If this is left untreated, it can end up having a negative effect on both your physical and mental health.
The original stress response
The reason why stress is actually good for you is because of our “fight and flight” response. Maybe you have heard of it? When we lived as hunters, we experienced stress when there was a threat to our safety.
Whenever our brain senses a threat, it will send signals to different parts of our body to help cope and deal with it. However, that was then.
In today’s world and society, stress doesn’t necessarily always have to do with actual danger. Our stress response system (fight and flight system) kicks in when we are facing difficult challenges – such as being yelled at by your boss, making the next deadline at work or doing too many things at once.
When are you feeling stressed out/burned out?
It becomes a real problem when we experience too much stress, which is often the case in today’s society. If we experience symptoms for too long and we can’t recover from these symptoms, then we are at an increased risk of various other health problems. Our bodies are not designed for prolonged stress.
Some common symptoms include:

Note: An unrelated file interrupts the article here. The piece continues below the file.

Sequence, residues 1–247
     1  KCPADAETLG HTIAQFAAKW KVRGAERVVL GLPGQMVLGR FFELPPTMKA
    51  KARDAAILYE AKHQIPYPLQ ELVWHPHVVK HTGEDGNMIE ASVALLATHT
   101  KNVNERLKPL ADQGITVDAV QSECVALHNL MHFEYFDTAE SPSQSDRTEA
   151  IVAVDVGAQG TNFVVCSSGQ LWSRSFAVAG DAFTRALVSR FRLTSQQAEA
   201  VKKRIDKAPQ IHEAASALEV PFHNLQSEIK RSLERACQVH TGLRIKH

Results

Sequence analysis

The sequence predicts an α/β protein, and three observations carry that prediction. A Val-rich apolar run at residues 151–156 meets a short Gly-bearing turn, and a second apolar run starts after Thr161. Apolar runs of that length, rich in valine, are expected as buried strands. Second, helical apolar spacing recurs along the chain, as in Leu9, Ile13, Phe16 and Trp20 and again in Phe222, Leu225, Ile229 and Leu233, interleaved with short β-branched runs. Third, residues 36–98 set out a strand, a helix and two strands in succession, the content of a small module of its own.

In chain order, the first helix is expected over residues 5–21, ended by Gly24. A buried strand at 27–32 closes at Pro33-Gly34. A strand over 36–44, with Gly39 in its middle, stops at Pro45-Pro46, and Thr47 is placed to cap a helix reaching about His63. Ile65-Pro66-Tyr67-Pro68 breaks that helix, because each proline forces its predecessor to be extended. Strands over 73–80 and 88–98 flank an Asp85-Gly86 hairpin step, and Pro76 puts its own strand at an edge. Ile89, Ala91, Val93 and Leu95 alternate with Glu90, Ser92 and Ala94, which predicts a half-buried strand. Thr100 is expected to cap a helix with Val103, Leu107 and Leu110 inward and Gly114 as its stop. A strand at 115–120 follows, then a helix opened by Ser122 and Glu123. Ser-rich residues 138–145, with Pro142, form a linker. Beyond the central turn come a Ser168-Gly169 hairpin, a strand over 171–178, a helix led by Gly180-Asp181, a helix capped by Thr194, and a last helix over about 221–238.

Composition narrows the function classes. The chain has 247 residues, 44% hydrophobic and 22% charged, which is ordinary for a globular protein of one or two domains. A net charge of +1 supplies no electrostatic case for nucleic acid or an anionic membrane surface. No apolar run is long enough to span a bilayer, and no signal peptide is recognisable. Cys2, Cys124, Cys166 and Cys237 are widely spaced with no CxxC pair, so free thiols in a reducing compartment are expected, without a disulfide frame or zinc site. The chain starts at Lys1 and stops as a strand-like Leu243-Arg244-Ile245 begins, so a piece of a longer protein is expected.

Lack of interest/motivation
Back and shoulder tension
How does stress affect your body and brain?
Long-term stress can affect both your body and brain. It can also affect your physical health.
Having a sudden emotional distress, like anger, can trigger heart attacks, irregular heartbeats, even sudden death. This is mostly for people who already have a known heart disease. However, some people don’t know that they have a problem until they react to stress.
Your brain stress can lead to headaches, problems concentrating and keeping focus. It can also lead to depression because your brain is overwhelmed. This can cause you to become prone to irritability and anger.
Your body might react with infrequent sickness, as stress lowers the functionality of your immune system. Do you often have a cold and are you often feeling unwell? This is a typical sign of stress.